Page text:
Sydney Craft Week saw COMMUNE curate and host five workshops over five days. From learning the playfully named “loopdie loop” weaving technique from Staple and Seed’s Bronte Wright, to watching Mukumono’s lead ceramicist Ion Fukazawa demonstrate the hypnotising Japanese technique of spiral wedging, it was a fantastic week of getting our hands dirty and our creativity flowing.
We were lucky enough to have our Basics of Weaving class taught by Bronte Wright, whose venture Staple and Seed produces beautiful experimental work in textiles, art and weaving. Students were given a beginners frame loom and a range of enticingly coloured, locally sourced cottons, wools and up-cycled saris to play with as they were walked through basic weaving techniques. Each person’s choice of colour, form and technique produced such varied results and there were lots of smiles as we took our group photos.
Not only did attendees of Wednesday’s concrete planter workshop make their own pots from scratch, they also learned all the tricks to painting and decorating and planting a healthy succulent to complete the package. Hilary Woodfine of Tiny Paradise helped with all the masking tape blunders and concrete splatters to make sure everyone had a gorgeous new collection to take home with them.
Likely our messiest workshop for Sydney Craft Week, our class on natural dyeing saw students smashing everything from blackberries to daisies on their once-white silk scarves. Once finished, their pieces were steamed and boiled, as Joanne Broedelow of Inside Jo.B guided students on what to look for when foraging in your backyard (or your neighbour’s….) to produce unique and sustainable pieces.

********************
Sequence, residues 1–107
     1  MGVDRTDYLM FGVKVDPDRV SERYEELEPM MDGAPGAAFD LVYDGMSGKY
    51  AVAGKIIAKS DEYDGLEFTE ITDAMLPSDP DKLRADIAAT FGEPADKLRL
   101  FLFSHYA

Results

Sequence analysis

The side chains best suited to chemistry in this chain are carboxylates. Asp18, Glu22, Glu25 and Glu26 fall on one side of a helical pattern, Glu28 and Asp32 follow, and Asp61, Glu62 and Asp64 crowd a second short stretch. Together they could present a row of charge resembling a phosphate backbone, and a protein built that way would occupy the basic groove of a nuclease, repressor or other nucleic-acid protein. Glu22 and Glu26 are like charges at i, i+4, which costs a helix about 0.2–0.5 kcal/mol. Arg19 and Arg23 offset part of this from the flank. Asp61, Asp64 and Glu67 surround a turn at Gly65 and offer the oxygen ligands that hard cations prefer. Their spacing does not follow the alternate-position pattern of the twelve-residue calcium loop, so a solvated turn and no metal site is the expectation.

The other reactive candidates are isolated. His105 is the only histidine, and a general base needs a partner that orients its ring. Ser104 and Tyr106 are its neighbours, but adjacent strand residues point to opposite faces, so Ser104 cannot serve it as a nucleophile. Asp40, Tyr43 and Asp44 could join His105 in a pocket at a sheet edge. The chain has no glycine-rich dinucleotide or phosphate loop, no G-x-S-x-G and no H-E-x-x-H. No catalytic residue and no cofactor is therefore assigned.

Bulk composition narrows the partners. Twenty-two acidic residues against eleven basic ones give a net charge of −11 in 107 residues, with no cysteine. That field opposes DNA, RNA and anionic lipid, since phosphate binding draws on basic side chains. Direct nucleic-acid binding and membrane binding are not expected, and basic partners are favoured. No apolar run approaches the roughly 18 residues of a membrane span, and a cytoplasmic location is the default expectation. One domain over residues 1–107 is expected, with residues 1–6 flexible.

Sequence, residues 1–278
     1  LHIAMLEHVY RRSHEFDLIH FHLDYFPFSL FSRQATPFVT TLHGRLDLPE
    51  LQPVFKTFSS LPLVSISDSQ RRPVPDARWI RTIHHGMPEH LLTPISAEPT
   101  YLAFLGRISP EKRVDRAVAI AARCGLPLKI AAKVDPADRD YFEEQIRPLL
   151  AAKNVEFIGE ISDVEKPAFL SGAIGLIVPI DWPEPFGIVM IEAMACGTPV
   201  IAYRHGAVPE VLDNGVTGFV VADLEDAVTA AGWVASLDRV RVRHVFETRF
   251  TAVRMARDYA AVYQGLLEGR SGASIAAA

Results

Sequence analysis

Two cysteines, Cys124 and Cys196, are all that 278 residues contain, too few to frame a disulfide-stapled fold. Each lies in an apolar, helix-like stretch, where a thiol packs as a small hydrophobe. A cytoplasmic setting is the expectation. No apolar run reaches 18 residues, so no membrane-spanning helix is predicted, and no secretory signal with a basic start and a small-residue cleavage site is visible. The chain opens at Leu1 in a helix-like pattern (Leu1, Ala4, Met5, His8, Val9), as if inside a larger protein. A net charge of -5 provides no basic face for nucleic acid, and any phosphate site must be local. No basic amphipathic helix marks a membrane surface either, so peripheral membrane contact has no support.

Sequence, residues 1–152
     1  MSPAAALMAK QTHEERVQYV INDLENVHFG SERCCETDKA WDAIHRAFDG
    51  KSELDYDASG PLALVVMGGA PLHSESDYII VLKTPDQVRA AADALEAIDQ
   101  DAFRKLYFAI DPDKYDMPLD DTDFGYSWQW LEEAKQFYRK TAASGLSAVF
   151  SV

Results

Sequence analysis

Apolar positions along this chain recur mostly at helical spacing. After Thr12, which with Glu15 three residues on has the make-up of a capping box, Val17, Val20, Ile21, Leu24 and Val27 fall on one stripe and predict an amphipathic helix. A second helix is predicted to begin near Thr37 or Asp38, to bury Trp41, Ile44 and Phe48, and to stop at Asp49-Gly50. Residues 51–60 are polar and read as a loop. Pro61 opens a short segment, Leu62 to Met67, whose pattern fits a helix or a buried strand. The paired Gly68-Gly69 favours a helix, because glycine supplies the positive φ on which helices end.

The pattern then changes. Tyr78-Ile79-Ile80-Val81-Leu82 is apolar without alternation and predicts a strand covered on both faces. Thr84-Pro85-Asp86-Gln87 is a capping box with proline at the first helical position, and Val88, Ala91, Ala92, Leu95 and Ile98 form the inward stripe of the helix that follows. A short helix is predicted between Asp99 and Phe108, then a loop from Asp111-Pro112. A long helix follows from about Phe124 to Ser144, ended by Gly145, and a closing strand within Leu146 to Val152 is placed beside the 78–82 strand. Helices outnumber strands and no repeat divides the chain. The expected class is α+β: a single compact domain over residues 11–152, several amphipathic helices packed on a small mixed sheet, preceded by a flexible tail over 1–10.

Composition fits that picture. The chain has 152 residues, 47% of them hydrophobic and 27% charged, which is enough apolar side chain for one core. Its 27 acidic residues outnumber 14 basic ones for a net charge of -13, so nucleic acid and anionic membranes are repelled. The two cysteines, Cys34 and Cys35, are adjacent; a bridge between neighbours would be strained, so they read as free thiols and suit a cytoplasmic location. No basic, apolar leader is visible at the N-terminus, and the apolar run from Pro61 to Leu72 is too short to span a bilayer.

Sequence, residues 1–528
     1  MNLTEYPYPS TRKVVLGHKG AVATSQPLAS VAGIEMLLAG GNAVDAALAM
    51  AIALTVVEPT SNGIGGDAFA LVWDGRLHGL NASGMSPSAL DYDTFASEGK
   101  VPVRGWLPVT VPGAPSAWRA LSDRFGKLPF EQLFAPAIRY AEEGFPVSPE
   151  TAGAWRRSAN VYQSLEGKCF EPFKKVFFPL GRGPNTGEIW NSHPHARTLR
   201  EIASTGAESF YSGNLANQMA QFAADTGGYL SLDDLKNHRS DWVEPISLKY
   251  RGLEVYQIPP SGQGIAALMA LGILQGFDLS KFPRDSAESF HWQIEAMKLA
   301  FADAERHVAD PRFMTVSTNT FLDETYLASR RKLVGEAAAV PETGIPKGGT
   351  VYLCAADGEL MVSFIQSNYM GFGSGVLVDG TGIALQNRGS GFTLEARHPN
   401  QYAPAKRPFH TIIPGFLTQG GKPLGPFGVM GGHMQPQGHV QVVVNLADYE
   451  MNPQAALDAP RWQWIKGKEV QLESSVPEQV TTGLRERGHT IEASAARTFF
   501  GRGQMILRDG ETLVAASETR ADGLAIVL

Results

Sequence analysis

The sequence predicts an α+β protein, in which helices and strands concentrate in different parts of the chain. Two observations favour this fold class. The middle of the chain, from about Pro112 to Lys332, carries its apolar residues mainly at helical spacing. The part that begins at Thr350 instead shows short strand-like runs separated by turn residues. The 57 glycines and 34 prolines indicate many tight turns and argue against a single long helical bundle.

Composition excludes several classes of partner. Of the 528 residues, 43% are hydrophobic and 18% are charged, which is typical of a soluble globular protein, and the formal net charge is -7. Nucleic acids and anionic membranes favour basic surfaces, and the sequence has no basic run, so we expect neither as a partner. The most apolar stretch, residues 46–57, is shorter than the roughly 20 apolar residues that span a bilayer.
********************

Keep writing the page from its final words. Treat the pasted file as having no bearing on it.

As Jeff McCann sky rockets into festivals and amazing creative projects, we are super lucky to have him share his talents with us, encouraging use of recyclable materials and a DIY attitude through cardboard construction. In this jewellery making class, students were given a selection of cardboard pieces to choose from, shown cardboard cutting and water-proofing techniques, given an inspiration board and told to go forth! We saw a lot of earrings and a few brooches, all creating structural and scupltural masterpieces.
Our last workshop was the highly informative demonstration and hands on experimentation lead by Japanese ceramicist Ion Fukazawa. Coffees in hand, we spent Saturday morning wedging and slab building, learning to slice clay without using a slab roller in a highly effective way. Molds were made using cheap plastic bowls as students were told they’d find a whole new meaning to shopping at K-mart. We’re fairly confident all the students will have their own lines, mass producing their handmade wares in no time.